Difference between 'struct' and 'typedef struct' in C++?


Question

In C++, is there any difference between:

struct Foo { ... };

and

typedef struct { ... } Foo;
1
783
3/4/2009 8:41:12 PM

Accepted Answer

In C++, there is only a subtle difference. It's a holdover from C, in which it makes a difference.

The C language standard (C89 §3.1.2.3, C99 §6.2.3, and C11 §6.2.3) mandates separate namespaces for different categories of identifiers, including tag identifiers (for struct/union/enum) and ordinary identifiers (for typedef and other identifiers).

If you just said:

struct Foo { ... };
Foo x;

you would get a compiler error, because Foo is only defined in the tag namespace.

You'd have to declare it as:

struct Foo x;

Any time you want to refer to a Foo, you'd always have to call it a struct Foo. This gets annoying fast, so you can add a typedef:

struct Foo { ... };
typedef struct Foo Foo;

Now struct Foo (in the tag namespace) and just plain Foo (in the ordinary identifier namespace) both refer to the same thing, and you can freely declare objects of type Foo without the struct keyword.


The construct:

typedef struct Foo { ... } Foo;

is just an abbreviation for the declaration and typedef.


Finally,

typedef struct { ... } Foo;

declares an anonymous structure and creates a typedef for it. Thus, with this construct, it doesn't have a name in the tag namespace, only a name in the typedef namespace. This means it also cannot be forward-declared. If you want to make a forward declaration, you have to give it a name in the tag namespace.


In C++, all struct/union/enum/class declarations act like they are implicitly typedef'ed, as long as the name is not hidden by another declaration with the same name. See Michael Burr's answer for the full details.

1123
7/14/2018 5:08:20 PM

In this DDJ article, Dan Saks explains one small area where bugs can creep through if you do not typedef your structs (and classes!):

If you want, you can imagine that C++ generates a typedef for every tag name, such as

typedef class string string;

Unfortunately, this is not entirely accurate. I wish it were that simple, but it's not. C++ can't generate such typedefs for structs, unions, or enums without introducing incompatibilities with C.

For example, suppose a C program declares both a function and a struct named status:

int status(); struct status;

Again, this may be bad practice, but it is C. In this program, status (by itself) refers to the function; struct status refers to the type.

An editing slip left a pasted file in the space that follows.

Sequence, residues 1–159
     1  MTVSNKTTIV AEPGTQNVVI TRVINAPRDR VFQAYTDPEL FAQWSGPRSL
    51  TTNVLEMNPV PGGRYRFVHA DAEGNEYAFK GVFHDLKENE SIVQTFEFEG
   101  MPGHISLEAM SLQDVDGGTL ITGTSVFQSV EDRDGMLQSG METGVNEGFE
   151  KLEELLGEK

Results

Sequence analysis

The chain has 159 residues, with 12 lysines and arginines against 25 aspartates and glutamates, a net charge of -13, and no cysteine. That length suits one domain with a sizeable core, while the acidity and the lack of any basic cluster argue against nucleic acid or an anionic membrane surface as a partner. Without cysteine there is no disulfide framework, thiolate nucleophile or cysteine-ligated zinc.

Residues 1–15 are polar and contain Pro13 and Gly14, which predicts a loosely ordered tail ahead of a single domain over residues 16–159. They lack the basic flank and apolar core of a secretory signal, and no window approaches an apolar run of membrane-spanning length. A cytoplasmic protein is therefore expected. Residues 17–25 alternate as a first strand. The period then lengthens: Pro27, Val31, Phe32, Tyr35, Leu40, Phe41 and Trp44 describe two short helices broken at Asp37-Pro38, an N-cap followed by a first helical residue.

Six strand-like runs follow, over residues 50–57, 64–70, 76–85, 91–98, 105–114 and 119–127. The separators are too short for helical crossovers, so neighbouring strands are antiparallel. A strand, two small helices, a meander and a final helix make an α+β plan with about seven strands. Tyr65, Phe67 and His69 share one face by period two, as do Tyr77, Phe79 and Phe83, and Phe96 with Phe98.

If C++ did automatically generate typedefs for tags, then when you compiled this program as C++, the compiler would generate:

typedef struct status status;

Unfortunately, this type name would conflict with the function name, and the program would not compile. That's why C++ can't simply generate a typedef for each tag.

In C++, tags act just like typedef names, except that a program can declare an object, function, or enumerator with the same name and the same scope as a tag. In that case, the object, function, or enumerator name hides the tag name. The program can refer to the tag name only by using the keyword class, struct, union, or enum (as appropriate) in front of the tag name. A type name consisting of one of these keywords followed by a tag is an elaborated-type-specifier. For instance, struct status and enum month are elaborated-type-specifiers.

Thus, a C program that contains both:

int status(); struct status;

behaves the same when compiled as C++. The name status alone refers to the function. The program can refer to the type only by using the elaborated-type-specifier struct status.

So how does this allow bugs to creep into programs? Consider the program in Listing 1. This program defines a class foo with a default constructor, and a conversion operator that converts a foo object to char const *. The expression

p = foo();

in main should construct a foo object and apply the conversion operator. The subsequent output statement

cout << p << '\n';

should display class foo, but it doesn't. It displays function foo.

This surprising result occurs because the program includes header lib.h shown in Listing 2. This header defines a function also named foo. The function name foo hides the class name foo, so the reference to foo in main refers to the function, not the class. main can refer to the class only by using an elaborated-type-specifier, as in

p = class foo();

The way to avoid such confusion throughout the program is to add the following typedef for the class name foo:

typedef class foo foo;

immediately before or after the class definition. This typedef causes a conflict between the type name foo and the function name foo (from the library) that will trigger a compile-time error.

I know of no one who actually writes these typedefs as a matter of course. It requires a lot of discipline. Since the incidence of errors such as the one in Listing 1 is probably pretty small, you many never run afoul of this problem. But if an error in your software might cause bodily injury, then you should write the typedefs no matter how unlikely the error.

I can't imagine why anyone would ever want to hide a class name with a function or object name in the same scope as the class. The hiding rules in C were a mistake, and they should not have been extended to classes in C++. Indeed, you can correct the mistake, but it requires extra programming discipline and effort that should not be necessary.


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